Tuesday, October 4, 2022
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Can credit/debit cards be skimmed?

Skimmers are devices criminals attach to ATMs and gas pumps to steal your credit card information when you swipe it in the machine. They are harder to spot than you think, so it’s essential to always be on the lookout for them. Here are several ways to spot a credit card skimmer and protect yourself from fraud.

 

Does the Keypad Seem Too Big?

Can you send money with a credit card through a skimmer? Yes, so be careful. Most skimmers are designed to fit over the existing card reader, so if the keypad seems too big, it could be a skimmer. So take a close look at the ATM or gas pump before using it, and if anything looks out of place, don’t use the machine.

 

Is There Tape Covering Up the Pin Pad?

If there’s tape covering up the pin pad or anything else that looks out of place, it’s best to avoid using that ATM. For example, it could indicate that someone has placed a skimming device on top of the original card reader and has collected your card information.

 

According to experts at SoFi, many credit card skimmers are small devices made with plastic and placed overtop the card slot so you won’t notice them when you’re making your transaction. Instead, they collect your data as you insert your card into the machine. If you notice any signs of tampering around the slot for your credit cards, go somewhere else immediately.

 

Is It Too Light Around the Area of the Pin Pad On the Machine?

If you’re using an ATM, be suspicious if the area around the PIN pad looks too light. This could signify that someone has placed a skimming device over the keypad. The card reader may also not sit flush with the machine or have been tampered with somehow.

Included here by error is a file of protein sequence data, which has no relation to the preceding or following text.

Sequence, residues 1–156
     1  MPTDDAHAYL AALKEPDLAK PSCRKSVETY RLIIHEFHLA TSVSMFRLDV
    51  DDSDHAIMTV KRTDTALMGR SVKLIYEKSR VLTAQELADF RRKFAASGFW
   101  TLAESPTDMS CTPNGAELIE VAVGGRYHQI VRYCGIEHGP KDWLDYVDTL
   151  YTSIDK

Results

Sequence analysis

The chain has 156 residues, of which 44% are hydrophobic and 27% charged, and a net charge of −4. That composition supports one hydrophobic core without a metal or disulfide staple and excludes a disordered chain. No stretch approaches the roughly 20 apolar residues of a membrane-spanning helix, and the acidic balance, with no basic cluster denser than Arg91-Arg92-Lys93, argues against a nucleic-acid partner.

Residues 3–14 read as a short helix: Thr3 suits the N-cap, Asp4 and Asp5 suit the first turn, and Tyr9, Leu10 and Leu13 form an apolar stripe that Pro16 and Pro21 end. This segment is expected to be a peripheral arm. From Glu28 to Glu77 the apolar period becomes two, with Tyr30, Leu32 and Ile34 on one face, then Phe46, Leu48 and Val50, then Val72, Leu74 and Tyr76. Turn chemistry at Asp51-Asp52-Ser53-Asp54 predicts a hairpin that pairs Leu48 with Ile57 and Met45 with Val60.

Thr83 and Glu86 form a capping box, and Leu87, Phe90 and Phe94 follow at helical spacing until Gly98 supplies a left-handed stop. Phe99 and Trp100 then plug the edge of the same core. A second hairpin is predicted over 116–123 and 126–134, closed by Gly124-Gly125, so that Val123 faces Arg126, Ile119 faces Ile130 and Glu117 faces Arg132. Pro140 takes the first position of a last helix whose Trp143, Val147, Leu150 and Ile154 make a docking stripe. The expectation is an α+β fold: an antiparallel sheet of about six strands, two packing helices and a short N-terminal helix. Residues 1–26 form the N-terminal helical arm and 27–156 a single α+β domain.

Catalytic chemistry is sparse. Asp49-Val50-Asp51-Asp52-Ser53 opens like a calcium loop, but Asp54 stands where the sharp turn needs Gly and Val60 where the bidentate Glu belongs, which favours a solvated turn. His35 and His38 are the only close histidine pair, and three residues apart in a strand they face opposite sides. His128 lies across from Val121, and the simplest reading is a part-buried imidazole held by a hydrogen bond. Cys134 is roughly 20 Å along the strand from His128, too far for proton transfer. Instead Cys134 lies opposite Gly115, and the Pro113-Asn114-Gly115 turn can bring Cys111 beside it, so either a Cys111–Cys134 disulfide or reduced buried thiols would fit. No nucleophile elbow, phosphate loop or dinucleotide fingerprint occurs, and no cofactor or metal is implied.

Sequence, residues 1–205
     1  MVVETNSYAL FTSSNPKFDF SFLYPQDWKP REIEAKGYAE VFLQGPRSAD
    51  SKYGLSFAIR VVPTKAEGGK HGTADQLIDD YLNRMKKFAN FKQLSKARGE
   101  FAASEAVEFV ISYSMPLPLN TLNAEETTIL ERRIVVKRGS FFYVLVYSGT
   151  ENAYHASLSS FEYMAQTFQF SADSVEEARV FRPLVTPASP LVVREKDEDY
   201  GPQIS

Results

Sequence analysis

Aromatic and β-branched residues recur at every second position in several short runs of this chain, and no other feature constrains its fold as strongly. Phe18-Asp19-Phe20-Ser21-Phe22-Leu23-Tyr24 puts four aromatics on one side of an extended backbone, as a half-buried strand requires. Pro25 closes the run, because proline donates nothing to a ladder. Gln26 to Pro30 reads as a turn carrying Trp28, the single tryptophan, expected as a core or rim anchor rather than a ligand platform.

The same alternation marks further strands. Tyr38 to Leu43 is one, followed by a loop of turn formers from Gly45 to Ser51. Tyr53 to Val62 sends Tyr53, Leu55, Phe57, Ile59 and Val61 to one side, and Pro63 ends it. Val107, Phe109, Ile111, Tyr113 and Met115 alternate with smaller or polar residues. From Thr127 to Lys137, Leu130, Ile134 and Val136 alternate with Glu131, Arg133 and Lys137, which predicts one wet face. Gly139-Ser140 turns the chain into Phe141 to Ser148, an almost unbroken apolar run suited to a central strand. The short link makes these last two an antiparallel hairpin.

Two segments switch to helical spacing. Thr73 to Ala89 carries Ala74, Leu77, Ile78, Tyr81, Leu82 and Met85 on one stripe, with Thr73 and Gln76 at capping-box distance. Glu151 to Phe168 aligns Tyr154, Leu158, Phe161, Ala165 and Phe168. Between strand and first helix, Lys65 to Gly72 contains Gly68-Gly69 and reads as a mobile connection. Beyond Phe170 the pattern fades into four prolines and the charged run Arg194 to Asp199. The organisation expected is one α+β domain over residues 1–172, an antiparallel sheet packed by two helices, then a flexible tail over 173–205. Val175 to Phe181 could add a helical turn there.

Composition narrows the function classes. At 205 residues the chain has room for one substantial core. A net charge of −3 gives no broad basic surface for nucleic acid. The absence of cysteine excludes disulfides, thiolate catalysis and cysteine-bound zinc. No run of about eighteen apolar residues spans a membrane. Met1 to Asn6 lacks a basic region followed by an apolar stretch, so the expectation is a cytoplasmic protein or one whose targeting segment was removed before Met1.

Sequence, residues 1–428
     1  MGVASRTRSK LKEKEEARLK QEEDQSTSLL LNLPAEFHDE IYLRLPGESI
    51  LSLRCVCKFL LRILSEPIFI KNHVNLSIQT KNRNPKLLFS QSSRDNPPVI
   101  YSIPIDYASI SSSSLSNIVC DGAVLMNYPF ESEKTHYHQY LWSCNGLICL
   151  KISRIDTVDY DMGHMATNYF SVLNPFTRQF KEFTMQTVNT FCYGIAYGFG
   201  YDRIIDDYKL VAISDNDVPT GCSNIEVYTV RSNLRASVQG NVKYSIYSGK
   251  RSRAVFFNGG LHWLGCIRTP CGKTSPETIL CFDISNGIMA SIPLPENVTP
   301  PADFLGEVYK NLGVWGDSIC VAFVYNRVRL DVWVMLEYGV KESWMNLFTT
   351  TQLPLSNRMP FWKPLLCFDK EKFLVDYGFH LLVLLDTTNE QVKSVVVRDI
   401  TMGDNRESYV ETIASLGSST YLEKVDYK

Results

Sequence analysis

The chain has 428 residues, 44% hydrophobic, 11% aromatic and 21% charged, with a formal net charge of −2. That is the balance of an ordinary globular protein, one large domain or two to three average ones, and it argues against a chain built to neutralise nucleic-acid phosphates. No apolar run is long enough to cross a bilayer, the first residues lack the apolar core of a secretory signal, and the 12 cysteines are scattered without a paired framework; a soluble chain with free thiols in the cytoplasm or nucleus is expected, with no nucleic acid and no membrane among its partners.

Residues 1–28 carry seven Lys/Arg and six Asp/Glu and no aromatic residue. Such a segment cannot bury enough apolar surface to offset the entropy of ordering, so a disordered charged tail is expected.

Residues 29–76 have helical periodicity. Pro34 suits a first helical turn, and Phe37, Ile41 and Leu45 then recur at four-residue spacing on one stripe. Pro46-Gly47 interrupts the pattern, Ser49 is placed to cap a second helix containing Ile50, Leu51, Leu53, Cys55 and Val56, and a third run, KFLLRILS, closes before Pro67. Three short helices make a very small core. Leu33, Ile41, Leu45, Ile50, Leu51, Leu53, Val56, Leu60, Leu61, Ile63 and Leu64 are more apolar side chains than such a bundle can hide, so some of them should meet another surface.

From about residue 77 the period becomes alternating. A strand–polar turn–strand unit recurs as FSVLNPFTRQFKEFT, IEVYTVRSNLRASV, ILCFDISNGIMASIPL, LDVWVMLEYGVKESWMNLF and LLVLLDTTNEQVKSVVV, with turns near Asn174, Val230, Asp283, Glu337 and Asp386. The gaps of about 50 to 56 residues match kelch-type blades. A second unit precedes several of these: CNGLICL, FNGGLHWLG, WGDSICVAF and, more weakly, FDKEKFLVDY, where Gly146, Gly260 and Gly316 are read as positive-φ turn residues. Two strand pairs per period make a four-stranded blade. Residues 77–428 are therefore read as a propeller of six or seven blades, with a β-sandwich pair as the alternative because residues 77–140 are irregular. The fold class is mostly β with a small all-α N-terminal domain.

Does It Take Longer Than Normal for Your Transaction to Process?

If you’re used to swiping your card and having the transaction go through immediately, a delay could signify that your card information is being transmitted to a skimmer. If you’re ever in doubt, ask the cashier or manager if there’s a problem with the card reader. They should be able to tell you if it’s working correctly.

 

Does It Look Different from Other ATMs in Its Bank Network?

When you use your credit or debit card at an ATM, look closely at the machine before inserting your card. Don’t use it if it looks like it has been tampered with.

 

Some skimmers are very sophisticated and can be hard to spot. But if the ATM looks different from other machines in its bank network—for example, if it has a different color keypad—it could be a skimmer.

 

Is There Something Obstructing Your View While You Type in Your Pin Number?

Check for anything that might be blocking your view of the keypad as you enter your PIN. This could be a sign that there’s a skimmer attached.

 

Take a close look at the ATM, gas pump, or credit card reader before using it. For example, are there any loose wires or parts that look out of place? Be wary of ATMs or credit card readers in unusual locations or locations that aren’t well-lit.

 

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